The 17-year-old accused of planting a bomb-like device at Lafayette's Centaurus High School last year was sentenced to three years of juvenile probation Monday after reaching a plea deal in which prosecutors agreed to drop a charge of attempted murder.

Andrew de Bartolome pleaded guilty in juvenile court to one count of possession of an explosive or incendiary device and one count of menacing.

In exchange for that plea, prosecutors dropped charges of attempted murder, use of an explosive device and one other count of menacing.

Under de Bartolome's probation, he cannot have any contact with the Boulder Valley School District and must graduate high school and attend one year of college.

A suspended detention sentence of 45 days also was put in place should de Bartolome not meet the terms of his probation.

But Boulder District Judge Ingrid Bakke said that based on what she saw in pre-trial supervision, she was confident de Bartolome would do well while on probation.

"You should be proud of yourself," she told the teen. "I hope that this will not derail you."

In court, de Bartolome said bringing the device — which he said was designed so it could not detonate — to school was a "prank," and that he never wanted to hurt anybody.

"I'm very sorry for all the harm I've caused," de Bartolome said. "I acted impulsively and stupidly."

On May 13, 2013, police said an explosive device "very similar to a pipe bomb" was found by a teacher inside Centaurus High, forcing the school's evacuation and the closure of South Boulder Road for several hours.

Officials said the device had a 9-volt battery and could have injured those in close proximity had it exploded. The device was detonated by the Boulder County bomb squad away from the school.

Police identified de Bartolome as a suspect and arrested him later that night at his parents' Boulder home, where police said further evidence linked him to the explosive device.

Boulder County deputies had been called to de Bartolome's house in February 2013 after his parents were concerned he was making explosives in his room, and Boulder County prosecutors said evidence showed de Bartolome had a "long-term interest in explosive devices."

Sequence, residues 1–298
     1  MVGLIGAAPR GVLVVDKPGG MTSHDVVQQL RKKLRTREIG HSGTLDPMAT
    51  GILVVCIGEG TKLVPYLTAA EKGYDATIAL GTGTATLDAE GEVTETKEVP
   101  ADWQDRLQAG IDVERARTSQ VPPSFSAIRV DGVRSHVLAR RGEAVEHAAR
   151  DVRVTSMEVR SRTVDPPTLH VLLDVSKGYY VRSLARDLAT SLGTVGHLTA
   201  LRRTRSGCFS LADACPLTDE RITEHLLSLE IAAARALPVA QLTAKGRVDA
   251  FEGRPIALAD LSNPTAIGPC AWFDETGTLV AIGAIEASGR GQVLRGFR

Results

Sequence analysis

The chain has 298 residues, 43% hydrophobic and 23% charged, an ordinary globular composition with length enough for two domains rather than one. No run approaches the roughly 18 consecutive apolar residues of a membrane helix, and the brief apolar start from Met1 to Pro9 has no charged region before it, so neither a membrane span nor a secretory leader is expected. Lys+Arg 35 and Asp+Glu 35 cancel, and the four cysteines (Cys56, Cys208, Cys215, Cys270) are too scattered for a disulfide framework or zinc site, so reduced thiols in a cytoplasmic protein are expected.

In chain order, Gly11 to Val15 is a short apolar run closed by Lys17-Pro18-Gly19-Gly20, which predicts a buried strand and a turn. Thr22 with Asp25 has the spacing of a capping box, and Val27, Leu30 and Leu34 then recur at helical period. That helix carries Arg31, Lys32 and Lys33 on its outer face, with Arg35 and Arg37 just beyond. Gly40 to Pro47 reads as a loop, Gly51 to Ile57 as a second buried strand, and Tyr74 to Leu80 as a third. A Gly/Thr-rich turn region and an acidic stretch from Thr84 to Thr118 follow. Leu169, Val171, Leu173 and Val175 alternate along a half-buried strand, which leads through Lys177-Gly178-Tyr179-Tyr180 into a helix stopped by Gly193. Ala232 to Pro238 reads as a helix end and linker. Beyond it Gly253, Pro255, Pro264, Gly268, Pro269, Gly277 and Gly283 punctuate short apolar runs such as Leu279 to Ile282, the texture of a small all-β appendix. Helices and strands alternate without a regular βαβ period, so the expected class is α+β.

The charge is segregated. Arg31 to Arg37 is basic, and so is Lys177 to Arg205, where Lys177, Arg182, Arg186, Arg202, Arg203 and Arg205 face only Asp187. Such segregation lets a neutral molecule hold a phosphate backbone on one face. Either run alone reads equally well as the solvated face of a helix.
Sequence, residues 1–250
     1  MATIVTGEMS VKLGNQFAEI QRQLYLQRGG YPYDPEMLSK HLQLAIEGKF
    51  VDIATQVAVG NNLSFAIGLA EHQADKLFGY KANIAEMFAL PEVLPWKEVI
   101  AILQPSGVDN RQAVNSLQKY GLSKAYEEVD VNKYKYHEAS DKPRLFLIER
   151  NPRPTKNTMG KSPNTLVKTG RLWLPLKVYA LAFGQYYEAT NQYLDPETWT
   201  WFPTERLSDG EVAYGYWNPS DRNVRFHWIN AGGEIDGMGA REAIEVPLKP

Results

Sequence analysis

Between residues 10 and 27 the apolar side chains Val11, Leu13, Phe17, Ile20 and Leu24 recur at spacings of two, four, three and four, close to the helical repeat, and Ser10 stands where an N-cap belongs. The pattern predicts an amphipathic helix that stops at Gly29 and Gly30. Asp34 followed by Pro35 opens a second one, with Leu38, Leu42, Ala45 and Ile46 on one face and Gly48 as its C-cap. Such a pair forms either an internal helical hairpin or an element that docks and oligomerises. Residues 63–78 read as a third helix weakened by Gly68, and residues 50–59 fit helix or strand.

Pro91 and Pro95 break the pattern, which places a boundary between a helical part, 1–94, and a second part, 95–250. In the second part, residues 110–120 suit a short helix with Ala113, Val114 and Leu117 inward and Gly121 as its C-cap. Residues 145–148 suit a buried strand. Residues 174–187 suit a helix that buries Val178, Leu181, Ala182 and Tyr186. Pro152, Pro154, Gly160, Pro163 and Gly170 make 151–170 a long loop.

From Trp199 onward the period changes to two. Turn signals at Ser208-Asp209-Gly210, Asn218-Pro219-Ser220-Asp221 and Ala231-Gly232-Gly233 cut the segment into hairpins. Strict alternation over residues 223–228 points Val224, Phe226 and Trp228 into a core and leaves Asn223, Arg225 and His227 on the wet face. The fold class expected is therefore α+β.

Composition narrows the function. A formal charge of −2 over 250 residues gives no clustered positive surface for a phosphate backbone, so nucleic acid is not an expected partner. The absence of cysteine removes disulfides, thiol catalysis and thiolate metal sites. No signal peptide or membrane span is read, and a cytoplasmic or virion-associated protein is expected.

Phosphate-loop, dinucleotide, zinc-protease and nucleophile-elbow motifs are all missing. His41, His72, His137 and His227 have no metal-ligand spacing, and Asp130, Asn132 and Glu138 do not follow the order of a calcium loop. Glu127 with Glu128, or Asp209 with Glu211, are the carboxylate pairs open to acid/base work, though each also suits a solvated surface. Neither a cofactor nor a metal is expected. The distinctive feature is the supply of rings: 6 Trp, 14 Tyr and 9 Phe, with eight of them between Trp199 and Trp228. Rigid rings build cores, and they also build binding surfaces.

Prosecutors originally planned to try de Bartolome as an adult, but later moved the case back to juvenile court.

Bakke said she credited prosecutors with taking the time to examine the case to make sure it was being filed appropriately.

"They had to be cautions, and I do not fault anything they did," Bakke said. "Clearly there was something going on here. The vilification that took place is not accurate."

Boulder County District Attorney Stan Garnett noted that de Bartolome served about seven months in juvenile detention before being released on bond.

"We are pleased that the case is resolved and that everyone involved in the case -- the defense, the courts, the defendant and everybody on my staff - worked very hard to find a resolution that protected the public and gives this young man an opportunity to move forward with his life in a responsible fashion," Garnett said.

Michael Rafik, de Bartolome's attorney, said that, at the time of the incident, de Bartolome was struggling and had trouble reaching out for the necessary help and treatment, but is a "kind" and "thoughtful" kid.

"Andy scared a lot of people," Rafik said. "Andy understands now when he needs to reach out for help. He had no intention of hurting anyone.

"It's now time to move forward."

Contact Camera Staff Writer Mitchell Byars at 303-473-1329, byarsm@dailycamera.com or twitter.com/mitchellbyars.